Mother squeezes father’s driving arm.
He pulls over to the side of a country road.
I rise up in the backseat, enough
to see out the car window
without disturbing my sisters
who lean against me, drowsing.
Mother steps into the hollow of a ditch,
holding out her hands for balance.
She disappears beyond the tall grass.
I can see the red of her wide-collared jacket
moving deeper into the undergrowth.
Father rests a forearm on the edge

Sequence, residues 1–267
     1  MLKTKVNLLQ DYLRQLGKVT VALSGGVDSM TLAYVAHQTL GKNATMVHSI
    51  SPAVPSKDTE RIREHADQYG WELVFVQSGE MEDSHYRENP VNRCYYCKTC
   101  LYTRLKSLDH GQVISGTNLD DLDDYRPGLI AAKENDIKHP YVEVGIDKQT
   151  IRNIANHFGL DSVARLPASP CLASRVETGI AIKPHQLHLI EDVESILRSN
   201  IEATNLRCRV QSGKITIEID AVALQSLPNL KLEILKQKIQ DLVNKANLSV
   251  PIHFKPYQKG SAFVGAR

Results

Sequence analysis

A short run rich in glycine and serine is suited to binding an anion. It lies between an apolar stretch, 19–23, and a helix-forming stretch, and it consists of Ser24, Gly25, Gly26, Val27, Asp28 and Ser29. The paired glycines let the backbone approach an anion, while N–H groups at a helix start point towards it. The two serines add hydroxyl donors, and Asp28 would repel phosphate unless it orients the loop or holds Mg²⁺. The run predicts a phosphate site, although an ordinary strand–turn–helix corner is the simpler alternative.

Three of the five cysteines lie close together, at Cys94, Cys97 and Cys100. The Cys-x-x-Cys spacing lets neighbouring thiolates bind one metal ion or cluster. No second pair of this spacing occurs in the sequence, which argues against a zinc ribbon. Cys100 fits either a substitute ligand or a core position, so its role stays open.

of an open car window. The air smells
damp with earth. A breeze rattles the catkins.
We are halfway to our destination.
Minutes tick by in puffs of breath
in the crook of an elbow. Mother’s
slacks are covered in tiny burrs
as she reemerges to the road. Her shoes
squelch standing water as she smiles
with all her teeth, holding a bundle
of green spears, fat as thumbs,
plumed with purple, which she cradles
carefully in her lap the rest of the way.